Look for the examples of the prophets in the Old Testaments and the apostles in the New Testament. I love Moses in Exodus. What do you find? Trust in a relationship requires honesty, listening, and humility. Are there more qualities that you notice? Do we need perseverance? How is trust built? What is it built upon?

  • Learn to form an honest dialogue with God. Seek Him out as your most important Consultant and Source of Wisdom and Discernment. He Is.
  • Bring your heart to God and ask Him to search it. Ask for help knowing that you do not have the ability to “see” your own heart. He will answer you. Let Him lead you.
  • Pray. Seek God in prayer as the most important part of your life. It is the most intimate relationship to cultivate in life.
  • Find God in Scripture. Know Him through His Word. He is there. Allow the Holy Spirit to bring it to your heart by praying before reading.
  • Seek God’s guidance and wisdom in all things. Let God lead you in life. Know that He sees the details as well as the whole, the before and the after. Listen.
  • Trust in His Promises (Scripture). Keep them with you all the time.
  • Keep encouragement and Encouragers near to you all the time. Notice that He places this near to you. Recognize it and express gratitude, it can make “a horse fly”, it can change the most ordinary life into one that is extraordinary.

Prayer that was dry becomes vivid with the Presence of God. Hearts that were lost are found. Broken places are healed. Revival becomes a word with new meaning. It starts to shake the foundation of self like a wondrous new birth. Something winged emerges. A joy that cannot be suppressed takes hold even in the midst of challenges. The Longing is like nectar that grows so sweet, life seems dim without it. It, The Promise of His Holy Blessing and Return becomes Hope, a Hope deeper and more glorious than any other.

Fly. Fly. Fly. (still singing)

© 2019 Linda Willows

“The Fullness of Joy, Solitude, Silence & Life in Christ” from Dallas Willard (Soul Care, Spiritual Disciplines, Presence of God)

Opening to the Fullness of Joy

Personal soul care also requires attending to our feelings. Emotions are a real component of life and of our lives in Christ. Some ministers allow their emotions to defeat them.

We do well to note, however, that love is the foundation of the spiritual life and joy is a key component in the Christ life. Joy is not pleasure, a mere sensation, but a pervasive and constant sense of well-being. Hope in the goodness of God is joy’s indispensable support.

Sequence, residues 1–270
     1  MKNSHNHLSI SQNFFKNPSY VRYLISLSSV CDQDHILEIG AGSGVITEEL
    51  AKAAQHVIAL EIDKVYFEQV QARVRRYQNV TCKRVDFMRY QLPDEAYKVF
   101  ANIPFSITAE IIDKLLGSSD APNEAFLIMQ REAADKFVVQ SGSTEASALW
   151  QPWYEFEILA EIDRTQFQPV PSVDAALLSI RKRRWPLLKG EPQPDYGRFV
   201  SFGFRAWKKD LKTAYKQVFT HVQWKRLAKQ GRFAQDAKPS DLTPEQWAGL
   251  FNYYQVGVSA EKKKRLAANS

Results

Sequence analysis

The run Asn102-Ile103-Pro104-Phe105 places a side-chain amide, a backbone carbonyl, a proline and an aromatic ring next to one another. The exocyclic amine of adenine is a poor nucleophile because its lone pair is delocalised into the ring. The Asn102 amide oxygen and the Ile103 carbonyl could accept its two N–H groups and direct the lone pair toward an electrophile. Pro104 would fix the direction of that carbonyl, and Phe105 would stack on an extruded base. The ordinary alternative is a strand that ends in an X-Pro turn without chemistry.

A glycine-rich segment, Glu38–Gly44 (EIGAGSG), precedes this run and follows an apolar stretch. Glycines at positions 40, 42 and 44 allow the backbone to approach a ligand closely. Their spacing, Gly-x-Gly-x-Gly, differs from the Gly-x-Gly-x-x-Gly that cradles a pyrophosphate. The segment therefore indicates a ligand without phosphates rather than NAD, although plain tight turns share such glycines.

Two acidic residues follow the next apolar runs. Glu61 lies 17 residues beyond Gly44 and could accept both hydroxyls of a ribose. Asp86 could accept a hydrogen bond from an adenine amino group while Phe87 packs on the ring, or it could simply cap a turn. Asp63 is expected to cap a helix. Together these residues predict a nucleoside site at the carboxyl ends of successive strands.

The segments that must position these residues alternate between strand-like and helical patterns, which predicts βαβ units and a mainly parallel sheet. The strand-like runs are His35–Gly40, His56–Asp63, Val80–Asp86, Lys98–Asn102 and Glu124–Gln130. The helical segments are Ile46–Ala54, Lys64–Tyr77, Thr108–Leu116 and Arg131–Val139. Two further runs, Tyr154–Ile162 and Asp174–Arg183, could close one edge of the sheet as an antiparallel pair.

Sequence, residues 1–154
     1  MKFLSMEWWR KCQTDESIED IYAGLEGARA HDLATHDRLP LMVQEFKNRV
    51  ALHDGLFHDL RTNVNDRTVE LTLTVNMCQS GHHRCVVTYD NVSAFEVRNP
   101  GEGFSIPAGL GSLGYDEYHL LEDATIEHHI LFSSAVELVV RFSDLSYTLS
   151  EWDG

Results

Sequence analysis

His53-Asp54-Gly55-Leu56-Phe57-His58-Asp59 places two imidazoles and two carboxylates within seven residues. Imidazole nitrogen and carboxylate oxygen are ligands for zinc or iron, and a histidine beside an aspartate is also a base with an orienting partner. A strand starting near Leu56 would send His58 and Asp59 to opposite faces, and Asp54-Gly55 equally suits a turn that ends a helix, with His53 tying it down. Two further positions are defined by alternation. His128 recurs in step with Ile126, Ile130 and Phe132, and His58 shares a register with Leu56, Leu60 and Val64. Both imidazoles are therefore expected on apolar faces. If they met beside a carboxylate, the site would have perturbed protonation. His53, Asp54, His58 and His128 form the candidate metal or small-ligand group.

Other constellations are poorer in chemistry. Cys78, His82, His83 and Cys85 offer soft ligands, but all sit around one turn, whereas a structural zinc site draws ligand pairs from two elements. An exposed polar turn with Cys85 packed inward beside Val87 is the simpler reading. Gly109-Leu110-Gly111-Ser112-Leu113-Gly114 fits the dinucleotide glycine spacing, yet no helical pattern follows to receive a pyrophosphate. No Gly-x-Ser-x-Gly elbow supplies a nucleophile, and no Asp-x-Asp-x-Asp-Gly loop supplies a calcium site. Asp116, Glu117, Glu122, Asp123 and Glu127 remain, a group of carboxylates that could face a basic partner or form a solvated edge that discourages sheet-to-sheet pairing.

In a moment of worship and praise, Paul spontaneously expressed a benediction on the Christians in Rome: “Now may the God of hope fill you with all joy and peace in believing, that you may abound in hope by the power of the Holy Spirit” (Rom. 15:13, NASB). This verse addresses the profound needs of the emotional side of the Christian’s life.

The great central terms of life in Christ are “faith,” “hope,” “love,” and “peace.” These are not just feelings; in substance, they are not feelings.

They are conditions involving every part of an individual’s life, including the body and the social context. They serve to equip us for the engagements of life. They do, however, have feelings that accompany them, and these positive feelings abundantly characterize those living in the presence of God. These feelings displace the bitter and angry feelings, that characterize life “in the flesh”—life in human energies only. They even transform the sickening emotional tones that permeate and largely govern the world around us—even many times the Church world.

Jesus taught us to abide in God’s love “that My joy may be in you, and that your joy may be made full” (John 15: 10-11, NASB). Our joy is full when there is no room for more. Abiding in God’s love provides the unshakable source of joy, which is in turn the source of peace. All is based in the reality of God’s grace and goodness.

Faith, hope, love, joy, and peacethe “magnificent five”—are inseparable from one another and reciprocally support each other. Try to imagine any one without the others!

Solitude and Silence


Among the practices that can help us attend to soul care at a basic level are solitude and silence. We practice these by finding ways to be alone and away from talk and noise. We rest, we observe, we “smell the roses”—dare we say it?—we do nothing.

This discipline can be used of God as a means of grace. In it we may even find another reminder of grace—that we are saved, justified by His redeeming power—not by our strivings and achievements.